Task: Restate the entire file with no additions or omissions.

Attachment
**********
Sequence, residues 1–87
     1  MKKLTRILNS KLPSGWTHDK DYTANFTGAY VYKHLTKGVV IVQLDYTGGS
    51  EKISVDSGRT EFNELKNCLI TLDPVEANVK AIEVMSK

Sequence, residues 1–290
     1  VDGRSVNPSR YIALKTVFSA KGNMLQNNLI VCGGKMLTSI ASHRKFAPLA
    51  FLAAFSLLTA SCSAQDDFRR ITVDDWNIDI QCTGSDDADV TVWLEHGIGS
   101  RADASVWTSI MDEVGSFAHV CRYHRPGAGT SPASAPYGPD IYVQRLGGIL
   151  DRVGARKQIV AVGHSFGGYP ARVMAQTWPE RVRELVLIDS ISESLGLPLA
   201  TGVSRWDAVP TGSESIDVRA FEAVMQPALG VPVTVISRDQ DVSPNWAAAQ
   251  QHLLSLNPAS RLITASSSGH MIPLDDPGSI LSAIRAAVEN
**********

Sequence, residues 1–87
     1  MKKLTRILNS KLPSGWTHDK DYTANFTGAY VYKHLTKGVV IVQLDYTGGS
    51  EKISVDSGRT EFNELKNCLI TLDPVEANVK AIEVMSK

Sequence, residues 1–290
     1  VDGRSVNPSR YIALKTVFSA KGNMLQNNLI VCGGKMLTSI ASHRKFAPLA
    51  FLAAFSLLTA SCSAQDDFRR ITVDDWNIDI QCTGSDDADV TVWLEHGIGS
   101  RADASVWTSI MDEVGSFAHV CRYHRPGAGT SPASAPYGPD IYVQRLGGIL
   151  DRVGARKQIV AVGHSFGGYP ARVMAQTWPE RVRELVLIDS ISESLGLPLA
   201  TGVSRWDAVP TGSESIDVRA FEAVMQPALG VPVTVISRDQ DVSPNWAAAQ
   251  QHLLSLNPAS RLITASSSGH MIPLDDPGSI LSAIRAAVEN